PQME's Are a Big Deal in a Workers' Compensation Case
Updated: Sep 28, 2018
Why is the Panel Qualified Medical Evaluation (PQME) so important to your Workers’ Compensation case?
When you get hurt on the job, sooner or later (usually sooner), the Claims Administrator on your case (i.e., the insurance company’s representative) says something to the effect of, “We disagree with what is going on with your treating doctor” or, “We deny your claim and you have to go see a PQME (panel qualified medical evaluator).”
I frequently meet people in my office who are at one of these steps with the PQME:
1. They just received “the package” of paperwork from the Claims Administrator which includes their disagreement with their treating doctor–or the denial of their claim. (In the package is also a form for requesting a PQME.)
2. They have received the package, filled out the form, and sent it in.
3. They did all of the above and now have the list of 3 doctors and must choose one within 10 days or the insurance company will impose one on them.
4. They have chosen 1 of the three doctors on the Panel List but have not seen the physician yet.
5. They have seen the PQME but have not received the report yet.
We can help you at anyone of these steps. But, the earlier in the process at which we see you, the more we can do to assist you with your claim.
At Step 1
It is important to identify the best choice of medical specialty for the PQME. For example, if your treating doctor is recommending pain management and the insurance carrier disagrees–thereby triggering the need for a PQME–then you might be better served by requesting a Panel of Pain Management doctors, instead of Orthopedic specialists.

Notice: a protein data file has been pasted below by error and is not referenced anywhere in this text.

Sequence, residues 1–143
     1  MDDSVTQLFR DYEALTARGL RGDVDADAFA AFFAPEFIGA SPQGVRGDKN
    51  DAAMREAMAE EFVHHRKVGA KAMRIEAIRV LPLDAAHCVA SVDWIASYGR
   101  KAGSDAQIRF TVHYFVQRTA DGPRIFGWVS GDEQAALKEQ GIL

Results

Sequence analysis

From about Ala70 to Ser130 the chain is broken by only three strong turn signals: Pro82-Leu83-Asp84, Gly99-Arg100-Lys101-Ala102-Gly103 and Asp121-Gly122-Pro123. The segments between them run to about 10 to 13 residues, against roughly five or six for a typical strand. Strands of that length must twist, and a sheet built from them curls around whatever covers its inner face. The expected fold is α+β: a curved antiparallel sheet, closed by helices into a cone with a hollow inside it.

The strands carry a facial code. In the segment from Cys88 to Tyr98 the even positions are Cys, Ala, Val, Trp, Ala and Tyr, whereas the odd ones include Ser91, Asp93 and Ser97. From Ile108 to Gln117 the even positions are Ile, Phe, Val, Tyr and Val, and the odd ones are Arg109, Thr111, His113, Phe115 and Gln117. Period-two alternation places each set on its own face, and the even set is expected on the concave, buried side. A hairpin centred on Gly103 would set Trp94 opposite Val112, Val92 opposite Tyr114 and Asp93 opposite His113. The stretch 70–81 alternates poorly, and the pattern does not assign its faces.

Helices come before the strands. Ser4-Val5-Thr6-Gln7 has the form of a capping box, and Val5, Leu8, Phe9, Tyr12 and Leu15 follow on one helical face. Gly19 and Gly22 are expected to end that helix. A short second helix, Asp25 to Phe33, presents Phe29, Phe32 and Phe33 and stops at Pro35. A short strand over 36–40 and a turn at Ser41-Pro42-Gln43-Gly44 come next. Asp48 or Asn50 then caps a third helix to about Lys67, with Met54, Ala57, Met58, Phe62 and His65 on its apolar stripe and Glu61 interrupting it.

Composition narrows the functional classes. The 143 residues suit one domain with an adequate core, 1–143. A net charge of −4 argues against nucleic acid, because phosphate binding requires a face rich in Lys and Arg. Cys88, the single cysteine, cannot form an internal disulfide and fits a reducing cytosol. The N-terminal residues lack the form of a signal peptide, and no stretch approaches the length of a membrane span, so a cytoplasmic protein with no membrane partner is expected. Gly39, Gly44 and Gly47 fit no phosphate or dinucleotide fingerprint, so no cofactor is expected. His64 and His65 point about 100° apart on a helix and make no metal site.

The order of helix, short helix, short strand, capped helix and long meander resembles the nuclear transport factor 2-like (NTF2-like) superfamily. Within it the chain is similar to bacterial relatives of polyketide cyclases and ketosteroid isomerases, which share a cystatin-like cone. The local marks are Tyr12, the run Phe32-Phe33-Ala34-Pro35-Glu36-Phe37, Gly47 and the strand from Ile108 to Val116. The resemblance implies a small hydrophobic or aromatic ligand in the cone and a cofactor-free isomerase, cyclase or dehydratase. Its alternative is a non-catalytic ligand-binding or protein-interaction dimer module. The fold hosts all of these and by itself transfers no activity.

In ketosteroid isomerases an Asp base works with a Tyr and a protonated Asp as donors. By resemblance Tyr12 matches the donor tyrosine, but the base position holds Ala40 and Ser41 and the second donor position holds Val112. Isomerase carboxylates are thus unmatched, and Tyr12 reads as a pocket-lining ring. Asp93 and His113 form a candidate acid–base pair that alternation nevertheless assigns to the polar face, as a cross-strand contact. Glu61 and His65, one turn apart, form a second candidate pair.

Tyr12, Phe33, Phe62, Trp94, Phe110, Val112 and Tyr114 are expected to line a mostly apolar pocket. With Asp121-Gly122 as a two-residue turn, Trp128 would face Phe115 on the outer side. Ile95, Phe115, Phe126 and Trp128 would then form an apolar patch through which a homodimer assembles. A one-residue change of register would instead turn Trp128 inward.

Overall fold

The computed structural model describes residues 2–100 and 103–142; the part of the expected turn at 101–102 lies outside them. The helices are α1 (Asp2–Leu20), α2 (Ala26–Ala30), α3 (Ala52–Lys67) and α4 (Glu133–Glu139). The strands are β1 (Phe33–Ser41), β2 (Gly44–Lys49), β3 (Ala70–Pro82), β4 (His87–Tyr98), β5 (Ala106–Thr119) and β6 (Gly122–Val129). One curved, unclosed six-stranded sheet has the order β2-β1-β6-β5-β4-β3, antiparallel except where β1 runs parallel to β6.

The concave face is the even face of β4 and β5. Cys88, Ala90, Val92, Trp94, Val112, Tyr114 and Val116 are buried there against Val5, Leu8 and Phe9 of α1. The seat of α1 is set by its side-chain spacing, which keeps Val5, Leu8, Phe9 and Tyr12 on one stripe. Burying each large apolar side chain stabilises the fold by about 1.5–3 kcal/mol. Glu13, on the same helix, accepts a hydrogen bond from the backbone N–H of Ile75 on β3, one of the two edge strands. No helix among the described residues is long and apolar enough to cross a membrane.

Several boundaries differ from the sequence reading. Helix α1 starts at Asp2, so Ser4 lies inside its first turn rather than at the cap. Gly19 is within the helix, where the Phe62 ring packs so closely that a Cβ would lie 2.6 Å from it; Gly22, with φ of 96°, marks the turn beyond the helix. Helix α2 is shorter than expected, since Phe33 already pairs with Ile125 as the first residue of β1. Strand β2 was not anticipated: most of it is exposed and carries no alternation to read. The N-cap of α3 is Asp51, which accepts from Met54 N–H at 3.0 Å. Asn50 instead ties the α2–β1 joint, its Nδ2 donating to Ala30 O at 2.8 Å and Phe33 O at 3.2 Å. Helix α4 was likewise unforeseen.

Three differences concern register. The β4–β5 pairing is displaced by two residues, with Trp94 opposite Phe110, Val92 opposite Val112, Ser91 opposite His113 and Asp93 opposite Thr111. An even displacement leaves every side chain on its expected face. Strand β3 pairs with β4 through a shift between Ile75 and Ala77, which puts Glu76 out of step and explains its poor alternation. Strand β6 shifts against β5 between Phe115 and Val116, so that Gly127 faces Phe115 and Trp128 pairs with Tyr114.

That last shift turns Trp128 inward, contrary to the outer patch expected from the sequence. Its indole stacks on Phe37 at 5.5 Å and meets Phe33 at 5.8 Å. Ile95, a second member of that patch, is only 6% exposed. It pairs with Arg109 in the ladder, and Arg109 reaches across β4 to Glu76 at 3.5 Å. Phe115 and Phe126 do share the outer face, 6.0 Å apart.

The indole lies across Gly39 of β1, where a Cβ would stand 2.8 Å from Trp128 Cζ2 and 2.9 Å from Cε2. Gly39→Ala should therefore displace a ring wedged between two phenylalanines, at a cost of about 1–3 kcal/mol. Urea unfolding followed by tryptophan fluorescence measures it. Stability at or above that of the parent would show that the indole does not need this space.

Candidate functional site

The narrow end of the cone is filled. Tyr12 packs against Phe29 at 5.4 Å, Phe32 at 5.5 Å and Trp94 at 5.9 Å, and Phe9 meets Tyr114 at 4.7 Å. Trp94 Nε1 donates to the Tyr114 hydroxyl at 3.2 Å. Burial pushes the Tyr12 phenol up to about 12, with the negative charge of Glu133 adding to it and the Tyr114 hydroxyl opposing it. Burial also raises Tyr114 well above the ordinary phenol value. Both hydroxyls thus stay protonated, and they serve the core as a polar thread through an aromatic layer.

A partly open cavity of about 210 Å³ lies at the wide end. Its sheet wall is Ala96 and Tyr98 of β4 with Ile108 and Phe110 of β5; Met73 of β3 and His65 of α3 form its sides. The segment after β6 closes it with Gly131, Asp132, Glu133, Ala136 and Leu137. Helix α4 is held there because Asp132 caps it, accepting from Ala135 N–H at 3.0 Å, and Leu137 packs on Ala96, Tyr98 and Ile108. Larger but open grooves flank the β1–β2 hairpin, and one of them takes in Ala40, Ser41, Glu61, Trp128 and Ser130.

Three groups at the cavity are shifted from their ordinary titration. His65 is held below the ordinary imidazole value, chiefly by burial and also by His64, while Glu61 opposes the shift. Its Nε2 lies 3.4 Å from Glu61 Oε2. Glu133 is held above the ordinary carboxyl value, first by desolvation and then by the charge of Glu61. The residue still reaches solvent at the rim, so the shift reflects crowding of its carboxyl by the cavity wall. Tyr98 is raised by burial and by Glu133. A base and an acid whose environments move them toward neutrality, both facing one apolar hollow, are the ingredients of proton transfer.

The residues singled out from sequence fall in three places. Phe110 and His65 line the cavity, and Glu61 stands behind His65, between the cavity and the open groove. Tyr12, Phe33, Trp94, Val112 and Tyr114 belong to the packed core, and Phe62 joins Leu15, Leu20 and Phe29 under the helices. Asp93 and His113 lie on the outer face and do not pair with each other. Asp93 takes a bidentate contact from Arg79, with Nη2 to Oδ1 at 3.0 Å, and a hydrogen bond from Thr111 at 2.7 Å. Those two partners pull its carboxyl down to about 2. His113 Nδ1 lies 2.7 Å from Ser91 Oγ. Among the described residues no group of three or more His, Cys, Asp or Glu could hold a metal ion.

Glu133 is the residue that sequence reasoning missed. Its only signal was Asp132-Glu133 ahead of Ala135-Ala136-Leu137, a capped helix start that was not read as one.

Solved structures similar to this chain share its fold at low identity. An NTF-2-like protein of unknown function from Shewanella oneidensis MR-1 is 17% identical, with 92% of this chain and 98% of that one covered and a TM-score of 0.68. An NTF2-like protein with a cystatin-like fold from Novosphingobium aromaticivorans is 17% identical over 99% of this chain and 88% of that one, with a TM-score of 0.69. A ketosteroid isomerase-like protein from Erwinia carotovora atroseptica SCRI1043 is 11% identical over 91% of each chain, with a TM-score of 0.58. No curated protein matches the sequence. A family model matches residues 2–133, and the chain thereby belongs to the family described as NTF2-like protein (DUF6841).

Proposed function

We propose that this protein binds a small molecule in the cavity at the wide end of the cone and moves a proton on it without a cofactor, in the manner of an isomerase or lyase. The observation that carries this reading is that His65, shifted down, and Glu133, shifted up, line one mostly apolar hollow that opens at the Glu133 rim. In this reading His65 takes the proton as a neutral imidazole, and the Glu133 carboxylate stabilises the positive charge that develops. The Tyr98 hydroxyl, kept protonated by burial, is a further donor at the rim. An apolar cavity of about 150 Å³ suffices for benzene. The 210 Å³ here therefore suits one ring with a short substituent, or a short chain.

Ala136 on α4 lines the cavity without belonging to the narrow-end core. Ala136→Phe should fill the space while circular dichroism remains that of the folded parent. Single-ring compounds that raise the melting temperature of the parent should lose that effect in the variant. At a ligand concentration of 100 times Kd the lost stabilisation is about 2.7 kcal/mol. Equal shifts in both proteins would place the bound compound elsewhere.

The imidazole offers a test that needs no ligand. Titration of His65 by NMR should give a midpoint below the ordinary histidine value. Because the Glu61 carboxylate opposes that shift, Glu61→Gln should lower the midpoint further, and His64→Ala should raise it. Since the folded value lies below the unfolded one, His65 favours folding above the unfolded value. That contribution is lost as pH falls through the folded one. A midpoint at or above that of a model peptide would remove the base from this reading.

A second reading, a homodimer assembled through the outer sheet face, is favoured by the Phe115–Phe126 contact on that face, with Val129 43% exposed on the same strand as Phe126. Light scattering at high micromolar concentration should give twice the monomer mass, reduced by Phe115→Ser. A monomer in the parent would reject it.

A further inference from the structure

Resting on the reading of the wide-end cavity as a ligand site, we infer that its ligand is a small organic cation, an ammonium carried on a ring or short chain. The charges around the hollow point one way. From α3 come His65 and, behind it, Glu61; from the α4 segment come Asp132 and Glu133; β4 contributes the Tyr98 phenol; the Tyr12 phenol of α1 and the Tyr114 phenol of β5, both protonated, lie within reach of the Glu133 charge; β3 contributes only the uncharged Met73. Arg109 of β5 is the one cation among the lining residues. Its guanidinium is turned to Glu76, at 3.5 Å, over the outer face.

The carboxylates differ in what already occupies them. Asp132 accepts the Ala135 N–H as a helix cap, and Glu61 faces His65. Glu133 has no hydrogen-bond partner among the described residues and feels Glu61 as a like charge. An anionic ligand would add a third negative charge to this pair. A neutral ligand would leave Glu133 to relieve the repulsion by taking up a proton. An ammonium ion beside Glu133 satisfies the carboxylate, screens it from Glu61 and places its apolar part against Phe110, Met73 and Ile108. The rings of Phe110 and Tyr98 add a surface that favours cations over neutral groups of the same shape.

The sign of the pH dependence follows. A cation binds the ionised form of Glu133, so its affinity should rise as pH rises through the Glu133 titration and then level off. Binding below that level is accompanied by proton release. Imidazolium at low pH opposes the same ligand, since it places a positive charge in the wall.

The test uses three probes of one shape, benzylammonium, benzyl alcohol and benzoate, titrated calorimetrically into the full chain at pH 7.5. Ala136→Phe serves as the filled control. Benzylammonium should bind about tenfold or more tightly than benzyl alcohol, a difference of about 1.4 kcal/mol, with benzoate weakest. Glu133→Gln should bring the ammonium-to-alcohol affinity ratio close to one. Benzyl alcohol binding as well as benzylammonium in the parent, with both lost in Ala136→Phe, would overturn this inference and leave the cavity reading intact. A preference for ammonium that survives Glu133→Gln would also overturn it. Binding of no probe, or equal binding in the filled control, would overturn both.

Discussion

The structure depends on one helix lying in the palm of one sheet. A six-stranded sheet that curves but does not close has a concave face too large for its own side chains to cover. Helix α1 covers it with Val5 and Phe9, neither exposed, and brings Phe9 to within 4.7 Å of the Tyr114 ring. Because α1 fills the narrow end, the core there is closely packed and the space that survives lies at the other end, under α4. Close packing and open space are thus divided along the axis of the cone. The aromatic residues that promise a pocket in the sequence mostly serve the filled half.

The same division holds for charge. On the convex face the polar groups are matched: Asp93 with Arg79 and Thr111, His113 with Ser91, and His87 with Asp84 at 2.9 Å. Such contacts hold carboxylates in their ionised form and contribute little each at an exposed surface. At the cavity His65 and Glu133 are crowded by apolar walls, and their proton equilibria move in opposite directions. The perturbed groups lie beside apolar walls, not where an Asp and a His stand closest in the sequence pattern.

At Step 2
If more than 30 days have passed, the Medical Unit (MU) probably has not received your request for a Panel of QME doctors. So, a courtesy call to the MU would be in order.
At Step 3
Choosing which one of these doctors would best serve your needs. (NOTE: This is one of the more crucial stages of this process.) This is where you can lose considerable advantage by making the wrong choice. You need to know the doctors working in the system. Some have preferences and dislikes that affect their opinions.
At Step 4
If you have already chosen one of the doctors–and may have made a poor choice–but have not seen him/her yet, there is still a way we can help you.
At Step 5
If you have seen the doctor and you feel (or we think it probable) that the doctor is not going to write a supportive report–and it has been 35 days since the date of your visit with him/her–we can help mitigate the consequences of that report.